When you are looking to launch a new product to market, it’s essential to be able to approximate the potential sales opportunity available to you and determine the size of market you can penetrate. If you can do this, it will help shape and scale the approach you take for your launch strategy and increase the chances of your product being successfully embraced by the market.
Surveys can help determine the true market size for a new product launch
While at first glance the potential addressable market for your product offering might seem to include a large volume of people, it’s important to realise that most of these individuals will not immediately adopt or accept your offering.
Therefore, if you are to estimate the true market size for your product launch, it’s imperative to identify who within your potential addressable market will actually use your product based on a problem or need that it’s able to solve for them.
Online surveys are an invaluable and efficient research tool in enabling you to achieve this, by asking questions that help determine who, how and why people in your target market might want to use your product. Consequently, this will enable you to forecast the likely impact of your new product in the market place.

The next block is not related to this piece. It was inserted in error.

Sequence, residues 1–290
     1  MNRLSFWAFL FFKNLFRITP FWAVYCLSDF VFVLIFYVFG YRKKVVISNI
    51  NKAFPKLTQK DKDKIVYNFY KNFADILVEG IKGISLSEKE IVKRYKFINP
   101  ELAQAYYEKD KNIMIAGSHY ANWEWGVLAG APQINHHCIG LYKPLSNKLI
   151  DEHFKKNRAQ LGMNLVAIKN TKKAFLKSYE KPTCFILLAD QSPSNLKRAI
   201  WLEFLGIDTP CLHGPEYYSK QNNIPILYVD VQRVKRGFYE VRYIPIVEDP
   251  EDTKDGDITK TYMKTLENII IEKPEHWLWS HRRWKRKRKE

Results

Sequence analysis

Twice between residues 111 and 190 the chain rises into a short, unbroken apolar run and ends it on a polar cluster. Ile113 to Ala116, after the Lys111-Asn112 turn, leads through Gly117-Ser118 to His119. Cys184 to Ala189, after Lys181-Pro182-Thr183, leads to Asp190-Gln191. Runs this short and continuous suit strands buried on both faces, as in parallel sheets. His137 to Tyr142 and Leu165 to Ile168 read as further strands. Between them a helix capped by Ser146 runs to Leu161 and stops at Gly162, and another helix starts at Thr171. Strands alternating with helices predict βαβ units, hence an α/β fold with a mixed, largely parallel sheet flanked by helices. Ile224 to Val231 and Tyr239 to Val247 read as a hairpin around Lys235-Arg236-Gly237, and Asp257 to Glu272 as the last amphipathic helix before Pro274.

Best practices to follow when determining the market size for your new product launch
While there are numerous methods you can use to determine your market size, product surveys offer the most cost-effective, convenient and direct route, by simply asking people if they are interested in your product offering.
However, there are three best practices you should always keep in mind if you’re to ensure the greatest degree of accuracy in determining your market size.
1) Quantitative data is easier to measure than qualitative data:
While qualitative data can be useful when you are trying to get a valuable insight into what people are feeling, it’s less effective when you need hard facts, such as in trying to determine a market size.
For this you’re better off using quantitative questions, which are more likely to result in data that is simpler to convert into objective, numbers-based analysis that you can more easily measure.
For example, when investigating and examining the potential market size for a new product, you will want to find out more about peoples’ preferences and behaviours. In this scenario, you may use similar questions to those below to find out more about the potential buying patterns of your target audience:
- Do you ever purchase _______?
- If yes, how often do you purchase _______?
- What is your typical budget for _______?
- Where do you go when you are looking for _______?
To help provide further analysis of your target audiences’ behaviours, preferences and emotions you may like to mix these up with Likert Scale questions. These rating style questions typically offer respondents 5 answer options ranging from Strongly Agree to Strongly Disagree, which will give you another way of measuring what your target audience is thinking. We’ve also discussed Likert Scale questions in previous pieces – most notably in our “Advantages of Using Likert Scale Questions” if you would like to explore in more detail the benefits that these questions can offer.
2) Carefully review all your questions prior to distributing your survey: